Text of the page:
Kreiss-Tomkins is Sitka’s representative in the State House of Representatives, so he’s experienced with red tape. But even he was surprised at what it takes to get a school accredited. 

“It’s a complex and difficult regulatory system and I say that as someone who spends a lot of my life regulating regulatory systems,”  he said.

The group working with Kreiss-Tomkins includes Sitka residents and Deep Springs alumni. Fine Arts Camp Director Roger Schmidt is also helping. Schmidt manages the campus and has headed up most of the revitalization work. 

Some of the people involved have been tied to past ventures such as the Bulldogs on Baranof program and the Sitka Fellows, which bring college and post-college students to Sitka for individual study projects and community service. Parts of those programs, such as revitalizing the SJ Campus or community volunteering, also are included in the Outer Coast vision. 

“One of the big aspects of the college is going to be community integration, and this is effectively one of the founding principals of the school, which is Sitka is a magical place and young people have a lot to learn being a part of a place that is this integrated and this amazing,” Kreiss-Tomkins said. 

Unlike Deep Springs, which has an all-male student body, Outer Coast would have no gender barrier. Aside from mapping out how the college will function, Kreiss-Tomkins and his team are also tracking down donors,  through both Alaska and Deep Springs networks. Kreiss-Tomkins expects those efforts to step up in the coming months with the hope of taking applications in 2016 for the 2017 school year. 

More information about Outer Coast plan can be found at outercoast.org. 

 

 

Comments  

 
# alaskated15 2015-12-11 19:59
Given the history of how that land was taken, if a college is to be located there it should be a tribal college. I intend to write in more depth soon about why I believe this. If only the planners like JKT and others had used their connections and energy to work toward that end.
 

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Alaska COVID-19 
At a Glance

(updated 9-17-21)

By Sentinel Staff

The state Department of Health and Social Services has posted the following update on the number of confirmed COVID-19 cases in Alaska as of 10:47 a.m. Friday.

New cases as of Thursday: 875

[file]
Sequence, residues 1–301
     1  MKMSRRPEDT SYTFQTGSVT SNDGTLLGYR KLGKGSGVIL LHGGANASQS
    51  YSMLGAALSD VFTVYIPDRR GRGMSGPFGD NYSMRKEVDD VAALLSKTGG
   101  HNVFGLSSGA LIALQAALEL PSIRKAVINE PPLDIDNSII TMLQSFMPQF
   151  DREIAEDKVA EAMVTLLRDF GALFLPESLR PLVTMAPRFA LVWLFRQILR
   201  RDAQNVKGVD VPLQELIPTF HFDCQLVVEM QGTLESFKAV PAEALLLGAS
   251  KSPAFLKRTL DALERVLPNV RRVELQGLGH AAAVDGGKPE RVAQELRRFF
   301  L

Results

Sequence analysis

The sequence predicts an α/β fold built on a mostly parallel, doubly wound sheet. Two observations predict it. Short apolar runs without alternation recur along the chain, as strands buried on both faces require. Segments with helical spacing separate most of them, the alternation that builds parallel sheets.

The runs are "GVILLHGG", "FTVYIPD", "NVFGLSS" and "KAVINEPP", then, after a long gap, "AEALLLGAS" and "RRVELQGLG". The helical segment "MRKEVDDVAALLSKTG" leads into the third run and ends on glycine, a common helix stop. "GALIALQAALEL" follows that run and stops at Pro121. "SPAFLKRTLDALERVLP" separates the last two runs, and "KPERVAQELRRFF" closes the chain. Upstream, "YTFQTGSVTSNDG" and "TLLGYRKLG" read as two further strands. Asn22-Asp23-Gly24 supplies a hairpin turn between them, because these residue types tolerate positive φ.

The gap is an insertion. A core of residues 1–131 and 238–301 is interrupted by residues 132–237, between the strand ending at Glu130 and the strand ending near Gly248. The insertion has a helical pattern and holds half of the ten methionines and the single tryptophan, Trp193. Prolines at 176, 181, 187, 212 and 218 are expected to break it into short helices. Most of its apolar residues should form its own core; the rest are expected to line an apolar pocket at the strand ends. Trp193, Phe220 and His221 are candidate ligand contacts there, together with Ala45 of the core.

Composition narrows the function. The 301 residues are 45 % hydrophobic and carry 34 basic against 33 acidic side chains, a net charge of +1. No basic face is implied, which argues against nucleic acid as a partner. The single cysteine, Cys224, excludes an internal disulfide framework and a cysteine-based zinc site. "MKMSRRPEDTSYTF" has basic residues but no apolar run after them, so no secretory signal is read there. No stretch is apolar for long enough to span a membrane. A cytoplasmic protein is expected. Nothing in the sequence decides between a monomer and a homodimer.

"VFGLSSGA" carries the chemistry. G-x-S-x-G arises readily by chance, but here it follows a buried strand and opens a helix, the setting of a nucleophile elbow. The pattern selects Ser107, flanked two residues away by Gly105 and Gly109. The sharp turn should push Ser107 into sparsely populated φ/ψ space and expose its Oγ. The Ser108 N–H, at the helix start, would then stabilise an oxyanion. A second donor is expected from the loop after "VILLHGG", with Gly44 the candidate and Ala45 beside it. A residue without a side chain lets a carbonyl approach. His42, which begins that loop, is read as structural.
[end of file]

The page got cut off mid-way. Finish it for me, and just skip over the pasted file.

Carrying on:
Total statewide – 96,002

Total (cumulative) deaths – 454

Total (cumulative) hospitalizations – 2,207

To visit the Alaska DHSS Corona Response dashboard website click here.

COVID in Sitka

The COVID alert rate for Sitka is “high,” based on 14 new COVID cases in the past 7 days, a rate of 187.73 per 100,000 population. Alert status will be high until the rate per thousand is below 100. Case statistics are as of Thursday.

New cases in Sitka – 5

Cases in last 7 days – 16

Cumulative Sitka cases – 946

Positive cumulative test results in Sitka, as of 9/10/21 – 1,090

Deceased (cumulative) – 3

The local case data are from the City of Sitka website.

• • •

 

Sitka Vax Stats 

The State of Alaska DHSS reported Friday the following statistics on vaccinations for Sitka.

Partially vaccinated – 6,132 (83.03%)

Fully vaccinated – 5,991 (81.12%)

Total population (12+) – 7,385

Sitka has vaccinated fully vaccinated 89.85 percent of its senior population (1,478 total), age 65 and older. 

Vaccination data for the City and Borough of Sitka can be found online at: https://cityofsitka.org

 

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20 YEARS AGO
September 2001

Alaska Pacific Bank has opened an account for donations to be directed to the families of the World Trade Center attack of Sept. 11. The account has been opened with a $2,000 contribution from the bank and an anonymous donor.

50 YEARS AGO
September 1971

At the Sitka Historical Society’s meeting Sunday, Mrs. Esther Billman of Sheldon Jackson College presented a “surprise package” of recent donations to the Sheldon Jackson Museum by Mr. Hugh Brady, youngest son of former Territorial Gov. John Brady.